I Know You
BY AMY JOSEFA ARIEL
VAYIGASH GENESIS 44:18 - 47:27
23 DECEMBER 2017 / 5 TEVET 5778
Shared at Beth Jacob Congregation in anticipation of their upcoming blood drive.
Dedicated to my mom.
Judah approaches Joseph – who he still does not recognize, and who he states is the equal of Pharaoh – to plead for the release of Benjamin, offering himself as a slave in Benjamin’s place. Upon witnessing his brothers’ loyalty to each other, Joseph is overcome with emotion and reveals his identity. “I am Joseph,” he tells them. The brothers are filled with shame and remorse, and Joseph comforts them saying, “It was not you who sent me here,” he says to them, “but God. . . . to save us, and the entire region, from famine.” The brothers rush back to Canaan with the news. Jacob comes to Egypt with his sons and their families—seventy in all—and is reunited with Joseph after 22 years. On his way he receives the divine promise: “Fear not to go down to Egypt; for I will there make of you a great nation. I will go down with you into Egypt, and I will also surely bring you up again.”Joseph grows the wealth of Egypt by selling food and seed during the famine. Pharaoh gives Jacob’s family the fertile county of Goshen to settle, and the children of Israel prosper in their Egyptian exile.
This week it’s parshat Vayigash, and it’s also almost time for the Beth Jacob blood drive over MLK weekend. For many of us that means being extra mindful about eating iron-rich foods and hydrating or signing up to volunteer or making a financial contribution if we can’t donate blood ourselves.
Some of us have spent a few minutes on Shabbat mornings together around this time the past few years. I am honored to be invited again to share another piece of my story.
Vayigash invites us to witness Joseph revealing himself to his brothers. Judah approaches Joseph – who he still does not recognize, and who he states is the equal of Pharaoh – to plead for the release of Benjamin, offering himself as a slave in Benjamin’s place. Upon witnessing his brothers’ loyalty to each other, Joseph is overcome with emotion and reveals his identity. “I am Joseph,” he tells them. Later when Joseph reveals himself to his father, our text guards the privacy between father and son and only says, he presented himself to him – to Israel . . . who of course is also Jacob . . . and, embracing him around the neck, weeps “a good while.” (Genesis 46:29) In the next verse, Israel says to Joseph, “Now I can die, having seen for myself that you are alive.” (Genesis 46:30)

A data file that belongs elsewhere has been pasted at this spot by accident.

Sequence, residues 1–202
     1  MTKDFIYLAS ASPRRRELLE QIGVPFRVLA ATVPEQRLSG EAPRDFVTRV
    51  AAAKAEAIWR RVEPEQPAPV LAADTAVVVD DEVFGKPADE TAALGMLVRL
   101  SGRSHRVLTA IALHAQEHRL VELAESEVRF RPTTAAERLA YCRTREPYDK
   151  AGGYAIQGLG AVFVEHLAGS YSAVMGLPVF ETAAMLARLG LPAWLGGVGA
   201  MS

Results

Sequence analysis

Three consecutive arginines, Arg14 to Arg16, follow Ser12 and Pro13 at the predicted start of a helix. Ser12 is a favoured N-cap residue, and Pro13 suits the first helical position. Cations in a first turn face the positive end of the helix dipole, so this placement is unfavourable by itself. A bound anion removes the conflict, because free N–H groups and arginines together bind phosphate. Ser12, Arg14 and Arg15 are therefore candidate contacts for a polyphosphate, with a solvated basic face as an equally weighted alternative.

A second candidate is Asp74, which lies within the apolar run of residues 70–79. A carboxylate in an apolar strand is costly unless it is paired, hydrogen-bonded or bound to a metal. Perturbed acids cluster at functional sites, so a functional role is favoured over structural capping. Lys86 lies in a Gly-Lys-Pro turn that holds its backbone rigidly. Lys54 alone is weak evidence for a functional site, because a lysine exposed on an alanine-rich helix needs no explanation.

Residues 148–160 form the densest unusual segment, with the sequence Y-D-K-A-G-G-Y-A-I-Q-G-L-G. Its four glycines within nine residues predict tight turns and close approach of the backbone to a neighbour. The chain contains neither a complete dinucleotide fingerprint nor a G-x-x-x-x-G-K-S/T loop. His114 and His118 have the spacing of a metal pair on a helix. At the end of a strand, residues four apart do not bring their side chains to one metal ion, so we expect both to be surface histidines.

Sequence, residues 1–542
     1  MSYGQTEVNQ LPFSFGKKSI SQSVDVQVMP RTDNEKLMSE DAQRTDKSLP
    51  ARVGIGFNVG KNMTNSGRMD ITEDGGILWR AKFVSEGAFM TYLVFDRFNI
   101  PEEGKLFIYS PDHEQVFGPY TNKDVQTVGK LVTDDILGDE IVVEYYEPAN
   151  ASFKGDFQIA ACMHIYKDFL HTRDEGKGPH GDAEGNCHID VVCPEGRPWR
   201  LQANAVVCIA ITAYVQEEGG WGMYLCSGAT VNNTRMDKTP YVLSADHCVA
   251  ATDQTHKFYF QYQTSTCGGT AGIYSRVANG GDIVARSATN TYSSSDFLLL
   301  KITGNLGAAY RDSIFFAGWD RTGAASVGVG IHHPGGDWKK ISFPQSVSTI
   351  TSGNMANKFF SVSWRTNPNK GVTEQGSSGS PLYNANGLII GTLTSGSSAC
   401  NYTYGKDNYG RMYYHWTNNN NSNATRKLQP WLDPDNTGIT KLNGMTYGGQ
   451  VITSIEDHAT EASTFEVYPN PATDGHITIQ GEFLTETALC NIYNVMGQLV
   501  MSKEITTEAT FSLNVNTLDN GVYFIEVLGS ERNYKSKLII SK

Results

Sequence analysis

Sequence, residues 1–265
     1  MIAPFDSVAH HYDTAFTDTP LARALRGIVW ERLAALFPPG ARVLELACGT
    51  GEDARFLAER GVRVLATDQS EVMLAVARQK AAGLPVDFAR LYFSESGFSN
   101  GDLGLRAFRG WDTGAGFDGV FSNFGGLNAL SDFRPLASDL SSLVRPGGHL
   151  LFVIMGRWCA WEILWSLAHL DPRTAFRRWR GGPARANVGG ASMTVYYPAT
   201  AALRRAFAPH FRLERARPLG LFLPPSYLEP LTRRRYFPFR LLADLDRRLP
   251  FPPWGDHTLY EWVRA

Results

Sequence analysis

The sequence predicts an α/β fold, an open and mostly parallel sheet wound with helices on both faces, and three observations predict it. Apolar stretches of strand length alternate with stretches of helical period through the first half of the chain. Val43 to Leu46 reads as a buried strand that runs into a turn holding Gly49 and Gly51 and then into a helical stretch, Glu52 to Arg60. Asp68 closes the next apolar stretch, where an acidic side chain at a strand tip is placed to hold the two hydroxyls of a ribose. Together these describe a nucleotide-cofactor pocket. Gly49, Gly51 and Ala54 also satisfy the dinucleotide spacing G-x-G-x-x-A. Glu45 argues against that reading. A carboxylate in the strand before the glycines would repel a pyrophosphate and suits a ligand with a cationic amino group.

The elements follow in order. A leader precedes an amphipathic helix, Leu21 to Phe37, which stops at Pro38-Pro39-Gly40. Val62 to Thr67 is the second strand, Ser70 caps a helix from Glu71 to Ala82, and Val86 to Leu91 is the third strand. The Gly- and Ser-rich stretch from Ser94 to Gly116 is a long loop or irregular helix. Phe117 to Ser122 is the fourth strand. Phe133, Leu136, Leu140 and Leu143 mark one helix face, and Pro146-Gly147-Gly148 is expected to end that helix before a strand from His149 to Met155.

On the one hand, the revelation of Joseph’s identity is not surprising for us. We know Joseph. We’ve been with him the whole time. Yet, if we slow down and really hear him, pause, wait for his brother’s response; listen to him as he reveals and reveals and reveals – this is who I am, this is my relationship to you, this is what my life has meant for me – how life has changed me; watch Benjamin come forward and see them embrace each other and weep in genuine recognition of one another . . . there is such texture and color in that recognition. Such intimacy. And we are invited to bear witness to it.
Maybe you’ve been counting with me?
It’s been 2,564 days since December 17, 2010 when I was diagnosed with Acute Myelogenous Leukemia (AML) – over 7 years ago. And 2,565 days since my first of 36 blood transfusions.
Let’s think of that, for a moment.
I know. I ask us to pause here every year, but you have to know I pause here every day.
I pause when I feel my heart beat. I pause when I get a paper cut, see the blood, and watch the miracle of platelets making the bleeding stop. I pause when I notice a bruise – yellowing. In addition to my loved ones who were my care givers, my friends, my rabbi, folks who made us meals, the techs, and nurses, and doctors, and researches, and financial donors, so many people, and, of course, my bone marrow donor, 36 people who donated blood between roughly December 1, 2010 and the end of August 2011 made it possible for me to be standing here with you today. My whole life, my mom has been one of the 5% of healthy adults in the United States who donate blood – and she always did it regularly. In 2011 my mom set a new goal for herself: 36 more blood donations. This past week she made her 18th.
I invite you to close your eyes.
I invite you to find your pulse.
Take a deep breath and in the quiet, become aware that approximately every 60 seconds, your hard working heart pumps your beautiful blood to every single cell in your amazing body. Your red blood cells are rich in oxygen. Your golden platelets stand ready to repair a breach. Your white blood cells, I call these my “goats”, are walking around and munching on the weeds – taking care of the stuff that isn’t supposed to be there.
Take another deep breath.
Count two seconds . . . and open your eyes.